It has been said that knowledge is knowing that a tomato is a fruit; wisdom is knowing not to put it in a fruit salad.
If wisdom is understood at all, it is often understood as knowing what to do for the best in given circumstances, and in particular in complex circumstances (far more complex than making a fruit salad). But such omniscient wisdom is beyond the constraints and responsibility of being human, for all of us face circumstances where we simply cannot know what to do for the best.
This year, I find myself asking the question, How do I want to live my life, in the light of our inevitable day of dying? And as the day of our own death is hidden from us, I am helped, in both asking and answering the question, by the terrible privilege of observing others approach that day.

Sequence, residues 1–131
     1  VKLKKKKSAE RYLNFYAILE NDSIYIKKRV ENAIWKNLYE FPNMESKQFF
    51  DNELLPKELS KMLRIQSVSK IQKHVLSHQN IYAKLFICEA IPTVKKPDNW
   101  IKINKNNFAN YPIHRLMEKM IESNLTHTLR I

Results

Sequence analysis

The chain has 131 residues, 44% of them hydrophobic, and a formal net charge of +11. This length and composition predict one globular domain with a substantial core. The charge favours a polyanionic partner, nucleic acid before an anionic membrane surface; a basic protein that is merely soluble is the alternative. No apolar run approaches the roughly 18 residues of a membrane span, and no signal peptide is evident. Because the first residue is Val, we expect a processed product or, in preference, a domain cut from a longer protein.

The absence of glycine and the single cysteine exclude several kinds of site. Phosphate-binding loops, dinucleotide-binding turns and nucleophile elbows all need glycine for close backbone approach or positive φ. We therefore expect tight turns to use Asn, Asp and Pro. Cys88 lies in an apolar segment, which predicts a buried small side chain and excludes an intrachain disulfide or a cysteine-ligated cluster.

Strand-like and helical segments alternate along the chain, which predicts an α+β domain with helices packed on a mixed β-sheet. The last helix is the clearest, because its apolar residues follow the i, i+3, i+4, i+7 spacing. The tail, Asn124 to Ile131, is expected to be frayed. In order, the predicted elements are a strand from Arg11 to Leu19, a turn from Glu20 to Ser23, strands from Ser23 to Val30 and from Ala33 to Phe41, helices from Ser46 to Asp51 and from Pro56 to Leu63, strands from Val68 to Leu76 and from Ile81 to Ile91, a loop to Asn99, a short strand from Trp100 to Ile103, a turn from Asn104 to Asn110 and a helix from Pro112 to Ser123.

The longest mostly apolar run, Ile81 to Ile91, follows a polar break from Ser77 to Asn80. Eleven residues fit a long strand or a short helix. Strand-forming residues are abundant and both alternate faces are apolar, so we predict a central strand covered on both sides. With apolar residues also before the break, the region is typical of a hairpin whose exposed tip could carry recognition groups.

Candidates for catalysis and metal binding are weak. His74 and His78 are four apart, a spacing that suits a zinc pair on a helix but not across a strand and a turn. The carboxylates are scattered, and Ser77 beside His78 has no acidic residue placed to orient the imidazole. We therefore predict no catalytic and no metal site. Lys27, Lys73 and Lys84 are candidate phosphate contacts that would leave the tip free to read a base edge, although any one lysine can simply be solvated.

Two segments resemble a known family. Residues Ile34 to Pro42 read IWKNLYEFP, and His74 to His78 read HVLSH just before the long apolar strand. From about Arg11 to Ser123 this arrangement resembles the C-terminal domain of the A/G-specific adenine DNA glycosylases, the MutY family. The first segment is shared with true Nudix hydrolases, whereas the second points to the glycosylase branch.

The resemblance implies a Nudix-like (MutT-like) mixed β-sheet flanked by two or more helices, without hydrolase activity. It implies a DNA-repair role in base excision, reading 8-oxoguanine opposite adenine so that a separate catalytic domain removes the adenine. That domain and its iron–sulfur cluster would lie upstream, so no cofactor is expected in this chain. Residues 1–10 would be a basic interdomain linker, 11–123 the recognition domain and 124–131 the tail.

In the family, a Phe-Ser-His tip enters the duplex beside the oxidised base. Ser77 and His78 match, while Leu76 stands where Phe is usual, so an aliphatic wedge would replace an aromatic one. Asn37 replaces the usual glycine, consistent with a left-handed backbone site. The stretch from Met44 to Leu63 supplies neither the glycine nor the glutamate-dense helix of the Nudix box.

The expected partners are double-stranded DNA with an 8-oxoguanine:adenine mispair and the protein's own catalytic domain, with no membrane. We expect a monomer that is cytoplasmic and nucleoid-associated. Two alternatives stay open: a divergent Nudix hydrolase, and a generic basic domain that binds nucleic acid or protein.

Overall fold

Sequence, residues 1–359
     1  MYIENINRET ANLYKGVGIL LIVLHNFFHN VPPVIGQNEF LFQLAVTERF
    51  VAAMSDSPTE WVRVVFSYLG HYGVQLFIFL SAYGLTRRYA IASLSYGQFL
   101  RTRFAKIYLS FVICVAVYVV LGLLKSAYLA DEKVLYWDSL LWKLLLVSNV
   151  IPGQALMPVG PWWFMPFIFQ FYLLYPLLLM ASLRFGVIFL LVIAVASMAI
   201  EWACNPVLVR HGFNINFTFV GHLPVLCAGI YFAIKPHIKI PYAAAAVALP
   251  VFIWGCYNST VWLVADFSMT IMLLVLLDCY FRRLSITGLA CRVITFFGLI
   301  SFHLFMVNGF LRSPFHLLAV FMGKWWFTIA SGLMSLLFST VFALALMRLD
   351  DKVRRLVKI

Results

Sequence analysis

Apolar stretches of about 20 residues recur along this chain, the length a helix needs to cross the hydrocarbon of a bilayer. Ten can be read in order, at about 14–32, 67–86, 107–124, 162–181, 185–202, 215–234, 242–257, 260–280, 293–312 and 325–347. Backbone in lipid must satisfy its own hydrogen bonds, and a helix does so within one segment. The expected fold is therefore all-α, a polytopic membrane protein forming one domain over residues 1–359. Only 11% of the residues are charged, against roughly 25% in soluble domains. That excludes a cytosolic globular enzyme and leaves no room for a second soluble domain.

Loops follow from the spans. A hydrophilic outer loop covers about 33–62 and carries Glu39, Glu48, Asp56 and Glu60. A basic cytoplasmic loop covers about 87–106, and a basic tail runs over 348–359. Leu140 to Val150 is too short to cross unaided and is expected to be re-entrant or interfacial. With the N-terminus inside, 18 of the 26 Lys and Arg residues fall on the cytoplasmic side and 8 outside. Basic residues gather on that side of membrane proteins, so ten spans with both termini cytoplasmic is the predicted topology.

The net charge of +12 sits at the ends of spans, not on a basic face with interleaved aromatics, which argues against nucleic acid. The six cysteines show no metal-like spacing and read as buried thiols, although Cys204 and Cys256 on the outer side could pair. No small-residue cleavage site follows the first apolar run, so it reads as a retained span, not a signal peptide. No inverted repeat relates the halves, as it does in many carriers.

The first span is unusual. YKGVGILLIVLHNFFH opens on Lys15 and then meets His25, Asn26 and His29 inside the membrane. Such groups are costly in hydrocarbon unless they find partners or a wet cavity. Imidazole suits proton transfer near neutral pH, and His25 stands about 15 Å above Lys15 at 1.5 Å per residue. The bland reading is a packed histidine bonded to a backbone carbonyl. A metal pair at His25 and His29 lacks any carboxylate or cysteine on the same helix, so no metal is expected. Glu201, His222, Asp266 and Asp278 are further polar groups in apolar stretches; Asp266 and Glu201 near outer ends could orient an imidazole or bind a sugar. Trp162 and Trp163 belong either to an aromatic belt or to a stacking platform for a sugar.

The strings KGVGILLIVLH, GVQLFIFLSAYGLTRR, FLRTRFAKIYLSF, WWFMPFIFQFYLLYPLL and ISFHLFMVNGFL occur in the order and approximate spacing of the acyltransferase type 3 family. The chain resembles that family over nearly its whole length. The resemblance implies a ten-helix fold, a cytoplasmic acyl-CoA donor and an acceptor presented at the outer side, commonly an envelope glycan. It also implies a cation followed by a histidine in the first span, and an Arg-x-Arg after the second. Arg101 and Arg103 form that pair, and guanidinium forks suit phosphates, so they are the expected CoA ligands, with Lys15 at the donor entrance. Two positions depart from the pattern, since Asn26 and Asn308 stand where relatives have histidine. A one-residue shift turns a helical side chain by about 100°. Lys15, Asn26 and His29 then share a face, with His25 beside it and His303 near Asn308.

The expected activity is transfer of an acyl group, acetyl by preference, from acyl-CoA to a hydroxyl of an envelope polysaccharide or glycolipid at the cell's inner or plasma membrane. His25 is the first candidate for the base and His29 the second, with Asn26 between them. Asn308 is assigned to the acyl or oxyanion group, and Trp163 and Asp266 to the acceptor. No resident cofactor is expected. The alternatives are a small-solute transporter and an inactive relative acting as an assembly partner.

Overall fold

As I reflect on the lives of those whose life has left a lasting impression on me, I have concluded that wisdom is not so much concerned with particular words or actions as with a way of living, and that the way of wisdom is made manifest through a gentleness that is evident to all (Philippians 4:5).
O Wisdom, coming forth from the mouth of the Most High
reaching from one end to the other mightily,
and sweetly ordering all things:
Come and teach us the way of prudence.